Boundaries.

The youth work relationship is strictly professional. Professional boundaries intentionally protect both the young person and the worker. Youth workers will maintain the integrity of these limits”.

Some of the young people I work with make it their mission to find me on social media. For the most part they are successful. This has led me to finding ways to conceal my online identity and I have even deleted some accounts to avoid causing any issues. For the most part this is not a real issue though, as the boundaries are very clearly set out in the beginning.

This is such an important responsibility to adhere to when working with young people. Depending on the service and your role, you have to walk a fine line between between being a “friend” and being a “worker”. Professor Howard Sercombe states that the relationship between a youth worker and a young person creates a space of safety and security that can make it easier for them to disclose. As a youth worker you connect with the young people on their level and form a close and trusting relationship, but you must also make sure that they understand your role and the responsibilities you have. For instance, the legal responsibilities you have in terms of mandatory reporting. As stated above, this is for the protection of the worker and the young person.

Cooperation and Collaboration.

This means you work together with other people to get the best results for young people. For example, you might involve another service or the young person’s family if it’s appropriate (and the young person gives consent)”.

To practice this responsibility ethically would involve putting differences aside and always having the child or young person’s best interests at the forefront of your practice. As the age old saying goes “it takes a village to raise a child”; the same applies for the social services sector and the young people and children we support. We are constantly liaising with family members, other services and government organisations to ensure the best possible outcomes for the people in our services.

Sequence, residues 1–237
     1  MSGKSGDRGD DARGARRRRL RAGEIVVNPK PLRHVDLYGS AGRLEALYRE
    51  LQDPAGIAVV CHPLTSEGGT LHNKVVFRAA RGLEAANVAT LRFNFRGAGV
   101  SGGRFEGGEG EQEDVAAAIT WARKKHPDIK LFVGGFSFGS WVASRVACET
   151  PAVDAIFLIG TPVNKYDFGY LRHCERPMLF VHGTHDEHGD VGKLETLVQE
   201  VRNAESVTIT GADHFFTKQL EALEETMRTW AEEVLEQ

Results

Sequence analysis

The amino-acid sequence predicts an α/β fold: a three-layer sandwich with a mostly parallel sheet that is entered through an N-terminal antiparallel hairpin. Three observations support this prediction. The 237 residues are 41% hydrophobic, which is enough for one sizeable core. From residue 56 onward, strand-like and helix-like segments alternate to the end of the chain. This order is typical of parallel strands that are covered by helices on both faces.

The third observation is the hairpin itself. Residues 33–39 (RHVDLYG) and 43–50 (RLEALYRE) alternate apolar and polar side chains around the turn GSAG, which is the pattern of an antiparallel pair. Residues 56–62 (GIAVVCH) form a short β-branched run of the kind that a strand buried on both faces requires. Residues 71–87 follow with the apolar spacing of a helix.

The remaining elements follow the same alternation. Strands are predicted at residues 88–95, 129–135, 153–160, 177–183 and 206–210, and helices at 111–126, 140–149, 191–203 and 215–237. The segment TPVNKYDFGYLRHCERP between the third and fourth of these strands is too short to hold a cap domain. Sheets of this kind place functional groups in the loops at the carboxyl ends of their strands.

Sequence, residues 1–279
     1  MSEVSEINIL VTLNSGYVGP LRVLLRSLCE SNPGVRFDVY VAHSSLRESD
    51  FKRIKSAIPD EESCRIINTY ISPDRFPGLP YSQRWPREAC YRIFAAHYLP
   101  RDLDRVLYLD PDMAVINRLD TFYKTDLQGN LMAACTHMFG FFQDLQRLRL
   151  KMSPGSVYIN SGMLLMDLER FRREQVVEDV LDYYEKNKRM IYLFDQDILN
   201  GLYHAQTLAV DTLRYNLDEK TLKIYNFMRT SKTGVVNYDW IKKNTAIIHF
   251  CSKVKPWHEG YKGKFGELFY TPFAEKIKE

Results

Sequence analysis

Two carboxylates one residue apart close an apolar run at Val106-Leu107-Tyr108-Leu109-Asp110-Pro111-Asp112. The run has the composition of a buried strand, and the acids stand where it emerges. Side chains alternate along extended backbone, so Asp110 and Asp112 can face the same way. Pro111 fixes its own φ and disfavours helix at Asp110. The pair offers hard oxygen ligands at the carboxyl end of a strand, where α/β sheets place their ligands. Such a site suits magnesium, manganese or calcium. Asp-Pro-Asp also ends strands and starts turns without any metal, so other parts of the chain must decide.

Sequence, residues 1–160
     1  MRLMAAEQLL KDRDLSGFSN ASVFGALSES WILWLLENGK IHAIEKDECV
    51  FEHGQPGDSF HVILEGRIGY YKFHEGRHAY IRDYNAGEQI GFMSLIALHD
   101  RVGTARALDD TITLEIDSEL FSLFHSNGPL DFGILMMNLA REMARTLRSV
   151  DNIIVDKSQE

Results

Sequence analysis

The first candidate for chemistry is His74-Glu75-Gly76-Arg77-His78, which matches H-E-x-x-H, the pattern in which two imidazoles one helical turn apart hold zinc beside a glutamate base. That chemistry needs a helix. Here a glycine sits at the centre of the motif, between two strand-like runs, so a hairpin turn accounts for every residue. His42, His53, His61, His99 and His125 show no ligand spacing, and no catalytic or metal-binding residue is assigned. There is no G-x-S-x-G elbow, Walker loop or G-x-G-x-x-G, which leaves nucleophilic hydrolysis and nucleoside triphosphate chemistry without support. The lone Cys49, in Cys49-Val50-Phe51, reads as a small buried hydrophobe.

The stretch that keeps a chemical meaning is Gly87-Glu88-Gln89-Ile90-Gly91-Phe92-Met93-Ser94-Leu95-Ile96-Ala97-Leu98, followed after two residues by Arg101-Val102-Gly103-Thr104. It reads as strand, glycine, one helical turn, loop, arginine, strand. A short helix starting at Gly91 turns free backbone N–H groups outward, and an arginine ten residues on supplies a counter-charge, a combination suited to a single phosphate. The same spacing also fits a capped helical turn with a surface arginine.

I am currently involved with a program that is a prime example of cooperation and collaboration. Treatment Foster Care Oregon (TFCO); a foster care based program, includes four key professionals that are working with and for each young person around the areas of individual therapy, skills coaching, family therapy and education. Every week, we meet with the young person, their carers and their family, as well as have a clinical meeting. In this meeting, professionals share ideas, make sure we are all working towards the same end goal and develop a fully collaborative plan for each young person’s time in the program and beyond. This model displays transparent regard for the young person, what they want to achieve and how. This is extremely important when working with other professionals and / or other organisations, as the young person must firstly give consent but also have ownership over their case plan.

Recognition of Indigenous Peoples.

Youth workers recognise that we live on the traditional lands and waters of the Indigenous peoples of Australia. They recognise that culture and connection to land and community is a right for Indigenous young people and that they have a right to cultural safety. Youth workers will be respectful of Indigenous culture at all times and recognise the importance of culture as it relates to Indigenous young people’s self-esteem and sense of identity

In 2015-16, Indigenous children aged 0-17 received child protection services at a rate around seven times that for non-Indigenous children, and they were 10 times as likely to be in out-of-home care(Australia’s Welfare 2017: in brief, AIHW).

The above statistic is alarming. In my work I am ten times more likely to work with an Aboriginal or Torres Strait Islander (ATSI) child or young person than a non-ATSI child or young person. This highlights how important it is to have a deep understanding of how to appropriately and ethically work with ATSI people.

I was lucky enough to begin my journey as a youth worker within an ATSI leadership program in Melbourne. Through this I was able to learn a lot from local ATSI young people and elders about the importance of culture, not only in their lives, but in the lives of non-ATSI people too. One important lesson I took from this experience was that ATSI culture is so expansive and differs all over Australia. So in order to be culturally sensitive in my practice I have to familiarise myself with the history and customs of each different community I am working with.